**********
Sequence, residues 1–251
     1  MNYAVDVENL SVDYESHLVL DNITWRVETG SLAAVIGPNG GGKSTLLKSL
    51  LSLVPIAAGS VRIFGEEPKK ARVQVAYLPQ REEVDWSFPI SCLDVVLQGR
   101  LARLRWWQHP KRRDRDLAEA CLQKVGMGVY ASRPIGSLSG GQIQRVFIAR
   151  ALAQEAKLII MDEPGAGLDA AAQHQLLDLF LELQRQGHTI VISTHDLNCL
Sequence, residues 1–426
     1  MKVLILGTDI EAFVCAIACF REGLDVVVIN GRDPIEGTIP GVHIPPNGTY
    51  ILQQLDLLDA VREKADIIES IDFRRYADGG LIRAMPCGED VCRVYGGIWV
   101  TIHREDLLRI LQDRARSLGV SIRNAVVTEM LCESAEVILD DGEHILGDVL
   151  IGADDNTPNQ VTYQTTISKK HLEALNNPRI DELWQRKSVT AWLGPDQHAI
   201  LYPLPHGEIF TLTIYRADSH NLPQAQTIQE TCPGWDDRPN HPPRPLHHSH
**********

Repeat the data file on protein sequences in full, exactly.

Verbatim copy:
Sequence, residues 1–251
     1  MNYAVDVENL SVDYESHLVL DNITWRVETG SLAAVIGPNG GGKSTLLKSL
    51  LSLVPIAAGS VRIFGEEPKK ARVQVAYLPQ REEVDWSFPI SCLDVVLQGR
   101  LARLRWWQHP KRRDRDLAEA CLQKVGMGVY ASRPIGSLSG GQIQRVFIAR
   151  ALAQEAKLII MDEPGAGLDA AAQHQLLDLF LELQRQGHTI VISTHDLNCL
Sequence, residues 1–426
     1  MKVLILGTDI EAFVCAIACF REGLDVVVIN GRDPIEGTIP GVHIPPNGTY
    51  ILQQLDLLDA VREKADIIES IDFRRYADGG LIRAMPCGED VCRVYGGIWV
   101  TIHREDLLRI LQDRARSLGV SIRNAVVTEM LCESAEVILD DGEHILGDVL
   151  IGADDNTPNQ VTYQTTISKK HLEALNNPRI DELWQRKSVT AWLGPDQHAI
   201  LYPLPHGEIF TLTIYRADSH NLPQAQTIQE TCPGWDDRPN HPPRPLHHSH